TRAF6 inhibition is a potential therapeutic target to suppress cardiovascular  inflammation in animal models of hypertension

Lea Strohm (Mainz)1, H. Ubbens (Mainz)1, D. Mihalikova (Mainz)1, A. Czarnowski (Mainz)1, M. Molitor (Mainz)2, S. Finger (Mainz)3, M. Kuntic (Mainz)1, M. Oelze (Mainz)2, T. Münzel (Mainz)4, P. Lurz (Mainz)4, A. Daiber (Mainz)1, S. Daub (Mainz)4

1Universitätsmedizin der Johannes Gutenberg-Universität Mainz Labor für Molekulare Kardiologie Mainz, Deutschland; 2Universitätsmedizin der Johannes Gutenberg-Universität Mainz Zentrum für Kardiologie Mainz, Deutschland; 3Universitätsmedizin der Johannes Gutenberg-Universität Mainz Centrum für Thrombose und Hämostase Mainz, Deutschland; 4Universitätsmedizin der Johannes Gutenberg-Universität Mainz Kardiologie 1, Zentrum für Kardiologie Mainz, Deutschland


Cardiovascular disease is the leading cause of disease burden and death worldwide and is fueled by vascular inflammation. Inflammatory pathways involving the CD40L-CD40-TRAF axis play a role in atherosclerosis progression and affect coronary heart disease pathogenesis. Especially, TRAF6 has already been identified to be involved in pro-inflammatory processes in atherosclerosis. The present study investigates whether CD40L-CD40-TRAF6 signaling is a potential therapeutic target to suppress cardiovascular inflammation in hypertension. In addition, we want to test the involvement of T-cells, B-cells, or adipocytes in CD40L-CD40-driven inflammation. To answer this question, we used different tissue-specific CD40 knock-out (KO) mouse models (global CD40 KO, CD19CrexCD40fl/fl, CD4CrexCD40fl/fl or AdipoqCrexCD40fl/fl mice) and assessed the impact on arterial hypertension.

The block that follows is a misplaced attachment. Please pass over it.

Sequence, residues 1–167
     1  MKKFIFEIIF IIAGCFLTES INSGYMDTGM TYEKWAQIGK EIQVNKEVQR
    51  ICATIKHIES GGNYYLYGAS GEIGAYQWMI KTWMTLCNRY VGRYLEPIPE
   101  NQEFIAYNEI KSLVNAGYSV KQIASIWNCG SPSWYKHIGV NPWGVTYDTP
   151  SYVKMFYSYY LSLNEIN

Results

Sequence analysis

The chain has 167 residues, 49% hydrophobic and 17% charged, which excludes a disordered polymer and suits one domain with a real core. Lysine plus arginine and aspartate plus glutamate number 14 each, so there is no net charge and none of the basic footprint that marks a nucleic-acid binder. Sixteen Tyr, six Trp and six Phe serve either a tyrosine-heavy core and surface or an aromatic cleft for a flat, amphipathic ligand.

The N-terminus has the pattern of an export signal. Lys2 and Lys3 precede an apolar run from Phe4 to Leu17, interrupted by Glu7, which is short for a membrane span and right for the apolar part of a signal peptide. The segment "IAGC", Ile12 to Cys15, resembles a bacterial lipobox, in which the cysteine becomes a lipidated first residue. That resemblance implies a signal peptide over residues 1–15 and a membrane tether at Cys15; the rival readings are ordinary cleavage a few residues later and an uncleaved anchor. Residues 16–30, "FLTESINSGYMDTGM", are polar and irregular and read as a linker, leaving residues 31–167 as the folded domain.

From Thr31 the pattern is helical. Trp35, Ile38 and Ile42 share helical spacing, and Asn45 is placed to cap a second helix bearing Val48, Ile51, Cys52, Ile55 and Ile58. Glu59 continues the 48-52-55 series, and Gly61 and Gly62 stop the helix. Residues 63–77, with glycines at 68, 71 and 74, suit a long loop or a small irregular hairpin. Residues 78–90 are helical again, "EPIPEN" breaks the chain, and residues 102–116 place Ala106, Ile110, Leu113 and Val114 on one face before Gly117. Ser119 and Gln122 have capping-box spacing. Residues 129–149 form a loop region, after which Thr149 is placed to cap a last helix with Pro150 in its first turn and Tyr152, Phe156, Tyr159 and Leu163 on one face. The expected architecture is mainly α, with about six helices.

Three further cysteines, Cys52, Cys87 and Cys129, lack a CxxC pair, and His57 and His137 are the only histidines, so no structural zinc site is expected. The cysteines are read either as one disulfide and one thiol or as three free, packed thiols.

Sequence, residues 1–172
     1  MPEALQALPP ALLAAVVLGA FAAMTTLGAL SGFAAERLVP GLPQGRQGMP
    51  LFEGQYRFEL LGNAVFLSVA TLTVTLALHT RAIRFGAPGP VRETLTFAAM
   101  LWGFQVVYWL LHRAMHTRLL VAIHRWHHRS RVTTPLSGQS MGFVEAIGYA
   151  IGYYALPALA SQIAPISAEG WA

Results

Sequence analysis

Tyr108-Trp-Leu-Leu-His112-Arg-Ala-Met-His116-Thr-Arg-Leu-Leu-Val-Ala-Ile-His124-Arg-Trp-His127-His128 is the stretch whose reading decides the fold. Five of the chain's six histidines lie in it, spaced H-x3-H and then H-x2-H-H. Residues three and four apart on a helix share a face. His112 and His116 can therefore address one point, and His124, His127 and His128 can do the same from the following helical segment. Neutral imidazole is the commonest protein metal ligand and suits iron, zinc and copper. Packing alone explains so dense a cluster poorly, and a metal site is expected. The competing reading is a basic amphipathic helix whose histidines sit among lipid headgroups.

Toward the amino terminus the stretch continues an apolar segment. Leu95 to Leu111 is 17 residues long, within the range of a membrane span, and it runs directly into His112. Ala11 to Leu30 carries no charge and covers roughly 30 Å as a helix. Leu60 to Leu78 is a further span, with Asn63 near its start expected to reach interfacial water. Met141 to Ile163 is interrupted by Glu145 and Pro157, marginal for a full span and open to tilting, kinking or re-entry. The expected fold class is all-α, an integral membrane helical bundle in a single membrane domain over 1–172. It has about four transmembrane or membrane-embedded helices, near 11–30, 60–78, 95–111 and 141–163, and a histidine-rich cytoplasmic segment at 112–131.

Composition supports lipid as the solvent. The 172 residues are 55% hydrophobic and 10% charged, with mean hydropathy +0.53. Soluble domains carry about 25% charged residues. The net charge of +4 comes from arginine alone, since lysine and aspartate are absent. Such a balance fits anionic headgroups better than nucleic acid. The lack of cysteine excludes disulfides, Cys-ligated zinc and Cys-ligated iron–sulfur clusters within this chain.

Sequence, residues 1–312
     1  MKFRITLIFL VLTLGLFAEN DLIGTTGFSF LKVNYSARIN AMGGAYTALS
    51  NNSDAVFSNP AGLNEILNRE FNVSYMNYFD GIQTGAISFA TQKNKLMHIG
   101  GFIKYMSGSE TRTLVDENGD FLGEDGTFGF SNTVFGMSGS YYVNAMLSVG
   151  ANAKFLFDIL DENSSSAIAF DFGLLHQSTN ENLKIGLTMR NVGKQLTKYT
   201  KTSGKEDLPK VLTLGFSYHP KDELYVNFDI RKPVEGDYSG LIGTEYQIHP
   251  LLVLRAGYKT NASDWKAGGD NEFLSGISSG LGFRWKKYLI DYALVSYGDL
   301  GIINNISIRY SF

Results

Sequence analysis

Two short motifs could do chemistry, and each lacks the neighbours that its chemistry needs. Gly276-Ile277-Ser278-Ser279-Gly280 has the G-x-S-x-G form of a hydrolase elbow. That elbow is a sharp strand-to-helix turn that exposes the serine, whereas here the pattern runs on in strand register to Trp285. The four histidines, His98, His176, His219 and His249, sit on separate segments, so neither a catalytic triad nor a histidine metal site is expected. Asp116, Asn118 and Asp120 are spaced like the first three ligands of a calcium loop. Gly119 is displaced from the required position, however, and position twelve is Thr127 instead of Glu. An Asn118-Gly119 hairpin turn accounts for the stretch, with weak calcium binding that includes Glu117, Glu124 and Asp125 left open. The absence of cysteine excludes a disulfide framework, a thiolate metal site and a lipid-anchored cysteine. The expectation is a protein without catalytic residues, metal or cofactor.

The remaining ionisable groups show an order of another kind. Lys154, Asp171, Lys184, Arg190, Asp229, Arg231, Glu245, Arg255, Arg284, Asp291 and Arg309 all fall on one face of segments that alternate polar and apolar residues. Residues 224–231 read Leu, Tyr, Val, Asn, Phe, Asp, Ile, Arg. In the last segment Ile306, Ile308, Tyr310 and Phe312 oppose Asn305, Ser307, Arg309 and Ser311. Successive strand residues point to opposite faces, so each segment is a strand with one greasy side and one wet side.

Arterial hypertension was induced in WT (C57BL/6J), global CD40 KO, and the tissue-specific CD40 KO mice via angiotensin-II (ATII) infusion (1 mg/g/d ATII) by s.c. osmotic minipumps. In addition, hypertensive WT mice were treated with a TRAF6 inhibitor (compound 6877002, Tocris / 2.5 mg/kg/d for 7d) by s.c. osmotic minipumps. TRAF6 inhibition showed vasoprotective and cardioprotective properties in hypertensive WT mice. Isometric tension studies demonstrated improved endothelial function. Also, decreased systolic blood pressure via tail cuff measurement, reduced inflammatory protein marker expression via western blotting, and decreased oxidative stress levels via DHE-cryo stainings were observed in the aortic or cardiac tissue of TRAF6 inhibitor-treated hypertensive animals. In addition, FACS analysis revealed that TRAF6 inhibition in hypertensive animals leads to reduced inflammation observed by reduced CD45+ leukocyte, Ly6G+/Ly6C+ neutrophil, and Ly6C high inflammatory monocyte infiltration into aortic and cardiac tissue. The hypertensive tissue-specific CD40KO mouse models showed only a minor effect on endothelial function, systolic blood pressure, and oxidative stress in cardiac and aortic tissue. Therefore, we conclude that T-, B-cells, and adipocytes are not the main drivers of CD40L-CD40-TRAF6-mediated inflammation. We suggest focusing in the future more on macrophage-driven inflammation.

In summary, our data shows that TRAF6 inhibition can reduce pathophysiological vascular inflammation in hypertensive mice and that TRAF6 inhibition could be a suitable candidate for a therapeutic approach in hypertensive patients.

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